Creating IAM Policies with Ease:  ChatGPT vs. GitHub Copilot vs. AWS Policy Generator

Creating IAM Policies with Ease: ChatGPT vs. GitHub Copilot vs. AWS Policy Generator

IAM policies are utilized for regulating entry to AWS resources and services. Manual creation of these policies can be tedious and susceptible to errors. Nevertheless, numerous tools are available to simplify the procedure of crafting custom policies.

In this article, we will cover the basics of IAM policies. This includes understanding what a policy is and the various types of policies that are offered. Furthermore, we will explore the steps involved in creating and managing policies using GitHub Copilot, ChatGPT, and the AWS Policy Generator, while also comparing their practicality for everyday use. Lastly, we will provide some recommended best practices for IAM policies.

AWS IAM Policy Generation - Fundamentals of IAM Policies and how to leverage tools like GitHub Copilot, ChatGPT, or AWS Policy Generator to create IAM Policies.

IAM Policy Fundamentals

Before we delve into policy generation, let's briefly review the basics of IAM policies. If you're already well-versed in IAM, feel free to skip this section.

Semantics of a Policy

Every time a request is made to AWS, it undergoes an enforcement check to verify if the requesting entity is authenticated and authorized to perform the intended action. The determination is based on the policies assigned either directly to the IAM user or the currently assumed role.

In AWS, a policy is an entity that decides whether to grant (allow) or prohibit actions (deny) on services and resources. Policies are primarily saved as organized JSON files and have varying categories.

  "Version": "2012-10-17",
  "Statement": [
      "Sid": "DenyIPRange",
      "Action": "*",
      "Effect": "Deny",
      "Resource": "*",
      "Condition": {
        "NotIpAddress": {
          "aws:SourceIp": ["", ""]

Every policy includes one or more statements that specify which actions are authorized for a particular resource based on the circumstances.

  • Version: specifying the version of the policy language you want to use. The latest one is 2012-10-17 ****and you shouldn’t use a previous version.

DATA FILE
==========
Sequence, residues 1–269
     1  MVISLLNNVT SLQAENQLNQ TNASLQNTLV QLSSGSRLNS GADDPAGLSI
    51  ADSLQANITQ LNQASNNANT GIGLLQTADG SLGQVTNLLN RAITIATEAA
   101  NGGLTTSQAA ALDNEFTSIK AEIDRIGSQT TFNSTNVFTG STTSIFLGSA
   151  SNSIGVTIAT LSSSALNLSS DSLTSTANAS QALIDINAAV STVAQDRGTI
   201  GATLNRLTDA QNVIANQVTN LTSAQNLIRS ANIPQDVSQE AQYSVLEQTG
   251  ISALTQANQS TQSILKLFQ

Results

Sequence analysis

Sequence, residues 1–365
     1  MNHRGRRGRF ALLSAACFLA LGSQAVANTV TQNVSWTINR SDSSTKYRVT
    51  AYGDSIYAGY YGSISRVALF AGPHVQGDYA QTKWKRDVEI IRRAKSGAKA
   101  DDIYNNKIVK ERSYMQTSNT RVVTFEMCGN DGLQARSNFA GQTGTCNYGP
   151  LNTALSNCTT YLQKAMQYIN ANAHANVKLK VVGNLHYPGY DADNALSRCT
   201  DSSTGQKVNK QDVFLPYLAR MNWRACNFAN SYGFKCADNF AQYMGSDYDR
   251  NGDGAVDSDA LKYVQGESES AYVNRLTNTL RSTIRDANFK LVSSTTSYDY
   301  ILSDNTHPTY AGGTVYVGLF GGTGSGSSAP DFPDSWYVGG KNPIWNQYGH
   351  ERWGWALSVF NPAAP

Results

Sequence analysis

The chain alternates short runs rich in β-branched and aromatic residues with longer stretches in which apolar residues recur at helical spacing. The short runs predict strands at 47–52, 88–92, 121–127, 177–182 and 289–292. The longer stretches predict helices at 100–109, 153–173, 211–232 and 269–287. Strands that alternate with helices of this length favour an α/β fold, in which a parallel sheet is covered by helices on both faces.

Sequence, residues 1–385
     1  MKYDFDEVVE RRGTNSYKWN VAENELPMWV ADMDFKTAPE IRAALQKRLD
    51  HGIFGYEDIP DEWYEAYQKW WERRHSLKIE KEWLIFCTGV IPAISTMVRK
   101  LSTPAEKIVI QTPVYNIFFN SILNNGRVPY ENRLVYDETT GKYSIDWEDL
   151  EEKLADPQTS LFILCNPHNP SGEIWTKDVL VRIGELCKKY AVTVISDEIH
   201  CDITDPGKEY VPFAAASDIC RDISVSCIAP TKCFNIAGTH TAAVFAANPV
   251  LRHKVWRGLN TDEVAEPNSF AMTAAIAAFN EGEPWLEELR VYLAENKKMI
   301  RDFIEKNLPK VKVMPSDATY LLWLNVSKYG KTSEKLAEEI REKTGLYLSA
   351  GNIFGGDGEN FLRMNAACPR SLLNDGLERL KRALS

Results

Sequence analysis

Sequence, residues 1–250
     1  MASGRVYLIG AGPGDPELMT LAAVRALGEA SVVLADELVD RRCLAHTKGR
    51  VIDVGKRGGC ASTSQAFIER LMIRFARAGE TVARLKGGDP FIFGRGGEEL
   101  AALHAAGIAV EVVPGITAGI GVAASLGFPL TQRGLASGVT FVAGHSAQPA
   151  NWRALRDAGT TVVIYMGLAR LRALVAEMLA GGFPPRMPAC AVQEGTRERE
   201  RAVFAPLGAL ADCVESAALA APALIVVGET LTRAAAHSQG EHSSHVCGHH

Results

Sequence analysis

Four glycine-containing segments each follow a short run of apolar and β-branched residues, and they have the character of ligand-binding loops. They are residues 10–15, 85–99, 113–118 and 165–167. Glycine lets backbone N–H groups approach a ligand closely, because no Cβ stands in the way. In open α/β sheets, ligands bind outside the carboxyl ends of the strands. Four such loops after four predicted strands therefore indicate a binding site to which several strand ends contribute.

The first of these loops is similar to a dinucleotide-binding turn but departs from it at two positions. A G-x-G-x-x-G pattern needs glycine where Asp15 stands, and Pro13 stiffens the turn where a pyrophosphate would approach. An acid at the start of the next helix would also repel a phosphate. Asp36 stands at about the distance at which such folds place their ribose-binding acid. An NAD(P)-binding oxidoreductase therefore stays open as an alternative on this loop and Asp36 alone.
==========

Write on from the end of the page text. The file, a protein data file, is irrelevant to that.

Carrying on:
• Statement: a container holding one or several items that define the permissions.

  • Effect: stating whether actions are granted (allow) or denied (deny). A deny statement always overwrites allow statements.

  • Principal: missing in our example, but for example used with resource-based policies to determine the account, user, or role for which the statement applies or with trust policies to determine the trust relationship for a role.

  • Action: a list of API actions for the target service that are either allowed or denied.

  • Resource: the resources for which the statement should allow or deny the given actions. This is not required for resource-based policies, as it’s implicitly applied to the resource to which the policy is attached.

  • Condition: specifying under which circumstances the statement should be applied. This is optional but can be used to further drill-down permissions.

We will discuss various types of policies in the following paragraphs.

Trust Policies

AWS IAM roles have trust policies that determine which entities (such as users, groups, or AWS services) are authorized to assume the role. The trust policy is a JSON document that includes the principal element, which identifies the trusted entities. When an entity assumes a role, it temporarily gains the permissions associated with it.